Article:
The climate is mild with higher than average sunshine hours and minimum temperatures, and lower than average days of ground frost for the region.[1][2] Annual rainfall is typically between 39.4 inches and 50.8 inches.

Surrounding islands

Cara Island lies just offshore to the south, the smaller Craro island lies to the west and Gigalum to the south east. A sandy spit connects Gigha to Eilean Garbh in the north-west. To the north are the rocks called An Dubh Sgeir (a common name meaning "black rock") and Gamhna Giogha. The Sound of Gigha separates Gigha and its attendant isles from mainland Kintyre.[8]

To the west and northwest respectively, are the two large islands of Islay and Jura. South west are Rathlin Island (County Antrim) and the north coast of Ulster, which can be seen from Gigha on clear days.[9] Between Jura and Gigha are the rocks of Na Cuiltean and Skervuile Lighthouse.

Between Gigha and Port Ellen on Islay is the Isle of Texa. Eilean Mòr, and the Danna are little further up the Argyll coast to the north.

There are also many small rocks and skerries (small rock islands) in the seas around Gigha. Asked by a tourist if he knew where they all were, local resident Willie McSporran (see below) replied "No, but I know where they aren't and that's good enough for me".[10]


Gigha has been inhabited continuously since prehistoric times, and there are several standing stones on the island. There are many other archaeological sites, including cairns, standing stones, duns and an ogham stone near to Kilchattan, which has not been deciphered.[5][11]

The Ogham stone

In the Early Historic Period The domain of the Cenél nGabraín appears to have been centred on Kintyre and Knapdale and may have included Arran, Jura and Gigha. The title “king of Kintyre” is used of a number of presumed kings of the Cenél nGabrain.[12][13]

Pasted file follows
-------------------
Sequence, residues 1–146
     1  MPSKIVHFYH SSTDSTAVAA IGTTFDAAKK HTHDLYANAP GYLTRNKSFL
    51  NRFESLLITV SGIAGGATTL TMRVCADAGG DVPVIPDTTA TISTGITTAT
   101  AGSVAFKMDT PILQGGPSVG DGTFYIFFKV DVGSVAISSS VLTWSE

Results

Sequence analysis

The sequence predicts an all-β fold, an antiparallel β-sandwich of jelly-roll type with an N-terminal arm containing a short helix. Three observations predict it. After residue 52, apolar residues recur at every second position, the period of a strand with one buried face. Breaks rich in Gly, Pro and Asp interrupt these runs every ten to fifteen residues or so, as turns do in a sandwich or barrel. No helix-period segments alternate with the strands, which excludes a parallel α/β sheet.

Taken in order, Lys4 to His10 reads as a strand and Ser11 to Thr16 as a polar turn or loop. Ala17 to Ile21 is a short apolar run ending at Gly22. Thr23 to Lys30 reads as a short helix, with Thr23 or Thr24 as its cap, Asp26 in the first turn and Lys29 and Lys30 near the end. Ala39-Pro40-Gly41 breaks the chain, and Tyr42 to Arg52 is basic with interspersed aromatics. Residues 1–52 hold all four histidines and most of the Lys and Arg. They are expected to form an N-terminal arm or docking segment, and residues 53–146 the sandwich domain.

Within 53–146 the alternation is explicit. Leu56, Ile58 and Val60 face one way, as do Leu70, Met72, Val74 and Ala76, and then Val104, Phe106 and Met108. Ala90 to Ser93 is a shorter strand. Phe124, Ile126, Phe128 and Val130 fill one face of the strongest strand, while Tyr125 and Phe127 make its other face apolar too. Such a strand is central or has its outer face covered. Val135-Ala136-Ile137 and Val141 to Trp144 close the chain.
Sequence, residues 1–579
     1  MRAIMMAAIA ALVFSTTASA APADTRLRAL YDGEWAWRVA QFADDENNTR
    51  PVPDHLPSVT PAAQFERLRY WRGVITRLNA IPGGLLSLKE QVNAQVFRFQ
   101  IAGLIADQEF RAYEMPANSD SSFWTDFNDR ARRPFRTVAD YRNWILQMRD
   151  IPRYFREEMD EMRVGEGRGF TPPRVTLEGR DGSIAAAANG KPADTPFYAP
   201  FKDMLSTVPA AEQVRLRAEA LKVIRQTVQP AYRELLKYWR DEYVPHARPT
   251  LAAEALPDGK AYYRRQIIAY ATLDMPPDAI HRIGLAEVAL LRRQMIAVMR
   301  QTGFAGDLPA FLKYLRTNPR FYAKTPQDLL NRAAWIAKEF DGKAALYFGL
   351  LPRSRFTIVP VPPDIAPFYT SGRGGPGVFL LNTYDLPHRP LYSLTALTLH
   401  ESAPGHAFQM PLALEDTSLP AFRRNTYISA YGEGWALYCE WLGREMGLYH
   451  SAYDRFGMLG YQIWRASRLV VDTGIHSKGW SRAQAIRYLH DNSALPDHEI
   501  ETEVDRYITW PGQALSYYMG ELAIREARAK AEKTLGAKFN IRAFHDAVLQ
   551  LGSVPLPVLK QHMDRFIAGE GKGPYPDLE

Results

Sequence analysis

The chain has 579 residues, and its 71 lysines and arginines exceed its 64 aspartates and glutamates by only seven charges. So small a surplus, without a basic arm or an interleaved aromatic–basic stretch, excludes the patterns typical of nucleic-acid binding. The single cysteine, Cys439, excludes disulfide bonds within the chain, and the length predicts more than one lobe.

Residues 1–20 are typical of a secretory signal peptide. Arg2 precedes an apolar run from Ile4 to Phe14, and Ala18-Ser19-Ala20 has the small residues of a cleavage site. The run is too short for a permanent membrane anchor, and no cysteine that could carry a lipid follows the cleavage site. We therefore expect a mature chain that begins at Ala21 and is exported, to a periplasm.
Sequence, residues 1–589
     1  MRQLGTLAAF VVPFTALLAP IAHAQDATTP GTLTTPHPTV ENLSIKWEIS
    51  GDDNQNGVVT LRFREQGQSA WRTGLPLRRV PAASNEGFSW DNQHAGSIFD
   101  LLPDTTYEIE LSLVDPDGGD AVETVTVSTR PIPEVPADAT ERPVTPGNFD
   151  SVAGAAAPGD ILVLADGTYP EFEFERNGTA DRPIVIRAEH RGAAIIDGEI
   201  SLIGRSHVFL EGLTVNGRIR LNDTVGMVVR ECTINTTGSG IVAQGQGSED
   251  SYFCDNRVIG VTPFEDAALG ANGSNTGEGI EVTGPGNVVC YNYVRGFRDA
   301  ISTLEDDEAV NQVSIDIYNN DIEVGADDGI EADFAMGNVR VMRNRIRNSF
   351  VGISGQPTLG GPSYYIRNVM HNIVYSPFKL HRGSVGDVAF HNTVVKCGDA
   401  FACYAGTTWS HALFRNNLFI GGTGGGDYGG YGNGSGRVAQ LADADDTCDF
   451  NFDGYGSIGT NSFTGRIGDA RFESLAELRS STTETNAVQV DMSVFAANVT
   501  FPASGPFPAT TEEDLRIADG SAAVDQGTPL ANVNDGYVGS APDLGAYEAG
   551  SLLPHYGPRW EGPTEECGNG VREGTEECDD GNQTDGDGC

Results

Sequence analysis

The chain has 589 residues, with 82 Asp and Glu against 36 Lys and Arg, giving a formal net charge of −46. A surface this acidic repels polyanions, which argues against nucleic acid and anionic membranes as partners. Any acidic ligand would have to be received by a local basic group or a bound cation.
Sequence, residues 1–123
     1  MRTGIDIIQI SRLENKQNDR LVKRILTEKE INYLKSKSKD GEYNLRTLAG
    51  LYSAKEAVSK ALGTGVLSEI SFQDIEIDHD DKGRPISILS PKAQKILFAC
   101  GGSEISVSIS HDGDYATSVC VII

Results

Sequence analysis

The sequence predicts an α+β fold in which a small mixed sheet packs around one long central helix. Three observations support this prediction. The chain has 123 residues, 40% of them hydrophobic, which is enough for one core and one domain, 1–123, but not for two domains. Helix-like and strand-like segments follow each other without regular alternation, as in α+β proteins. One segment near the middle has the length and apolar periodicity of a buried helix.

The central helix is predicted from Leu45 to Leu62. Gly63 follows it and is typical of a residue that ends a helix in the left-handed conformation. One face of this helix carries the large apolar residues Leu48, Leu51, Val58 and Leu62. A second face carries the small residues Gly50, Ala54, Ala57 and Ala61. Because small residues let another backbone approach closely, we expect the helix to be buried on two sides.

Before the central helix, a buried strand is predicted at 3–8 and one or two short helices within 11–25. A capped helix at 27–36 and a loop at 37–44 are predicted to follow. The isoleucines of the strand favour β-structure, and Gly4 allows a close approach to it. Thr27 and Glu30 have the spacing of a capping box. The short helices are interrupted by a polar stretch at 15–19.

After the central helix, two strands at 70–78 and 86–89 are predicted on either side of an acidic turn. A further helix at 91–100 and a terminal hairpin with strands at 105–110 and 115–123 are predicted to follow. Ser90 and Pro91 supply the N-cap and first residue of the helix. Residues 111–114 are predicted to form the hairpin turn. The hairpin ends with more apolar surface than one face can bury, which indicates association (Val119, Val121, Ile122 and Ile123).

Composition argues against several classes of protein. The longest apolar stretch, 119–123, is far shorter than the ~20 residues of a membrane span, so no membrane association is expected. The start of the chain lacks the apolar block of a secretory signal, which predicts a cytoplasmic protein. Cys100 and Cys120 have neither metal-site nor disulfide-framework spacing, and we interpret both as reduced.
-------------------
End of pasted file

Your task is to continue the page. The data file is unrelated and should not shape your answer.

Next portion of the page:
There is some evidence to show that the island might have been the seat of power for Conall mac Comgall, King of Dalriada, in the mid to late 6th century. The Annals of Tigernach refer to a Battle of Delgon (later Cindeglen) in 574, and this has been identified as taking place on Gigha, then referred to as Eilean da Ghallagan,[14][15] although other sources believe the battle took place in Kintyre.

Norse period

An illustration of Hákon, King of Norway, and Skule Bårdsson, from Flateyjarbók

The island was part of the Norse Kingdom of the Isles and its name appears to be Norse in origin, although its meaning is disputed. Several other placenames in the vicinity echo the Norse tongue, such as Gigalum ("Gigha - holm") and Cnoc Haco (possibly "Haakon's hill").[16] In 1849, a Viking grave was found at East Tarbert Bay, which revealed a number of artefacts, including a bronze weighing balance dated to the 10th century.[5][17]

Before the Battle of Largs, Haakon IV of Norway is said to have visited the island.[5] According to Hákonar saga Hákonarsonar ("The Saga of Haakon Haakonsson") written by Icelander Sturla Þórðarson in the 1260s: